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Management

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The following extract is taken from an essay produced on the topic of Management

One of the key competitive conditions in the fashionretail clothing sector has been the growth of outsourcing between firms and with moving their manufacturing operations to low labour countries like China or India (see Bruce and Daly, 2006). The competition of prices between clothing retail players has been an important factor for influencing the consumers’ choices of purchase. Companies are able to reduce their operational costs by importing good quality material often at half of the cost from what they would have to pay if they were to be produced in their own country (Moore and Fairhurst, 2003). By reducing labour costs firms are able to offer clothes at more competitive prices and hence strengthen their competitive advantage to consumers.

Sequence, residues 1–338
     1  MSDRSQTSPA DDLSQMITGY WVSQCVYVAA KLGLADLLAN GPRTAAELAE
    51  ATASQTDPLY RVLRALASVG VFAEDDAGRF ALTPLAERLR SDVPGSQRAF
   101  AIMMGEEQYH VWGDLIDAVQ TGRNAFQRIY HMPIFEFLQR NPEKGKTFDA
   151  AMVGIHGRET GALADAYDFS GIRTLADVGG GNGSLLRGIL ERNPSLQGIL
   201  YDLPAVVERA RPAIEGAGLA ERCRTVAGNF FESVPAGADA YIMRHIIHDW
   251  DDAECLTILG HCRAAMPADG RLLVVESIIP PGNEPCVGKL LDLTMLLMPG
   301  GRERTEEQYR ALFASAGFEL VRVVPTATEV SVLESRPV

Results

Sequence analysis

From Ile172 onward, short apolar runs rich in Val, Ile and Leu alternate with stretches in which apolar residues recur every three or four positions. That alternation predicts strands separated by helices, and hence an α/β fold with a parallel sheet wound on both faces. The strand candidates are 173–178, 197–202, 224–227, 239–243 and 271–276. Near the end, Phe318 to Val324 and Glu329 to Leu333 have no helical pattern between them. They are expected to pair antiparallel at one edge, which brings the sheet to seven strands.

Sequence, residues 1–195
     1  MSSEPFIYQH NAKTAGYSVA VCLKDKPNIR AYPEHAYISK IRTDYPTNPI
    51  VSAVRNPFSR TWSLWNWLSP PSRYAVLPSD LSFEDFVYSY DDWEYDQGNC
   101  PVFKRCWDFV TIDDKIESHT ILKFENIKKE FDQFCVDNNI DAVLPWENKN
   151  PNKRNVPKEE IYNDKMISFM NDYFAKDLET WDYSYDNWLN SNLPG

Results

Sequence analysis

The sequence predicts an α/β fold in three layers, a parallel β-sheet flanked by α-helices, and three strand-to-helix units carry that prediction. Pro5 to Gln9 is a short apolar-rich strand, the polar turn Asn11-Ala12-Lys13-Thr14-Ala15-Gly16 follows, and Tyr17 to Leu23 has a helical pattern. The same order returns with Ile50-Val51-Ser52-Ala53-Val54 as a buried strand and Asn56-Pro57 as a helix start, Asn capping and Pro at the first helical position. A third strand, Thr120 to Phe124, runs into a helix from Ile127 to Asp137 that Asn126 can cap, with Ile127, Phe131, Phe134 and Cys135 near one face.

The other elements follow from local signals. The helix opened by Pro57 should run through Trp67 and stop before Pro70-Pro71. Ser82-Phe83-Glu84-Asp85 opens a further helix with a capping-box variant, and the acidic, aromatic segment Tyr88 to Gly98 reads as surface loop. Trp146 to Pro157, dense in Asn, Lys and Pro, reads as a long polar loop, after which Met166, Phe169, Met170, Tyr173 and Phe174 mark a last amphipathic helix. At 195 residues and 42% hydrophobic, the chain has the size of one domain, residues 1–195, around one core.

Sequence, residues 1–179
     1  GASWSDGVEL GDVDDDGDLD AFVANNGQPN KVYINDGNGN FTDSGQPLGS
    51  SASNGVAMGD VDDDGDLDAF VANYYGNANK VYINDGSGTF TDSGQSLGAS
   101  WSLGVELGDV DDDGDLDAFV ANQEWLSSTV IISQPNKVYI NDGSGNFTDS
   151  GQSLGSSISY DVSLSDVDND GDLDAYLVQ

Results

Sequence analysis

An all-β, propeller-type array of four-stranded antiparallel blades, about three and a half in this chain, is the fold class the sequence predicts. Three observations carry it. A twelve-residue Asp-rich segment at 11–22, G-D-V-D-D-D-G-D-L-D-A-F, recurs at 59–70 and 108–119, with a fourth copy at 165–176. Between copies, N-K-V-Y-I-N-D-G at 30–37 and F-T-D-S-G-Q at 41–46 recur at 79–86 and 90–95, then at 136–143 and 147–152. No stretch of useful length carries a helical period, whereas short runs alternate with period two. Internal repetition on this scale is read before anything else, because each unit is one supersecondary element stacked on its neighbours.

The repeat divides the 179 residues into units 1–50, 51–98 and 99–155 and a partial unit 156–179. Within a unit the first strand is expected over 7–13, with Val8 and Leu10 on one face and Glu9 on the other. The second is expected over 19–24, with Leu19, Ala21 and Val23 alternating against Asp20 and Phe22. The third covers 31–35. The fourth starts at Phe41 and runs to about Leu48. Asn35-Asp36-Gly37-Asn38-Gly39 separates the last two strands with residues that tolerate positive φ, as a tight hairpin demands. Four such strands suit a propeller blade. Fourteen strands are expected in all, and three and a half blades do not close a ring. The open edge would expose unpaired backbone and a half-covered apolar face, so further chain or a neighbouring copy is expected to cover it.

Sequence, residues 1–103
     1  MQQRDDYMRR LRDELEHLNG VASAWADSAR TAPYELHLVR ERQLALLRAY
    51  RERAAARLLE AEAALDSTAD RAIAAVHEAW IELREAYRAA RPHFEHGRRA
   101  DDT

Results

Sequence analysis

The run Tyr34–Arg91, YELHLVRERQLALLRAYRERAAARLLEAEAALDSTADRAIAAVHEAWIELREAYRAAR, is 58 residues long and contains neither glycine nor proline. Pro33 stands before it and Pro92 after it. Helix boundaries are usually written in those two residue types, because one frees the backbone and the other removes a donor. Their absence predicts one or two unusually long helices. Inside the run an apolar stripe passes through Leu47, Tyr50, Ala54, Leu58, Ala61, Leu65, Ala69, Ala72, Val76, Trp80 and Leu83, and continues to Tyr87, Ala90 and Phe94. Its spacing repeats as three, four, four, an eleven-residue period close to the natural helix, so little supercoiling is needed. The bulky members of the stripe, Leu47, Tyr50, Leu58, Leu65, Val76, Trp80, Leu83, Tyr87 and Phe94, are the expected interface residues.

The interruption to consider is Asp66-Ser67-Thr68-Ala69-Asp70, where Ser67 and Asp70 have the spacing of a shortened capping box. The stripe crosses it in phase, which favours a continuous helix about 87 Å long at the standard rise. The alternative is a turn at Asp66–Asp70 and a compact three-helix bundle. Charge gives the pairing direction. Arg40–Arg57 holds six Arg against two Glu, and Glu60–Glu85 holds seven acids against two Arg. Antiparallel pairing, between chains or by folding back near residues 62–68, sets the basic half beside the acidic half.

A second condition of the clothing retail sector has to do with the pace with which clothes are manufactured and delivered to the retailers. Mattila, et. al. (2002) argue the fast changing pace of fashion becomes increasingly important for whether consumers are able to find the latest designs and prices they seek (Doherty and Alexander, 2003). The lead times required for clothes to be produced until the time they are delivered means that retails are not able to respond to changes in the market. Bruce and Daly (2006:330) argue that: “Companies in the fashion industry are increasingly using time as a factor for enhancing competitiveness. Development cycles are becoming shorter, transportation and delivery more efficient and merchandise is presented “floor ready” on hangers and with tickets attached.” Marciniak and Bruce (2004) argue that when firms try to reduce costs by importing clothes from countries like China, the time required for the shipping of the products, and by the time they are sold to consumers, means that retails often need to purchase a lot of higher quantities and without having knowledge for whether consumers will buy them or not.

 

 

 

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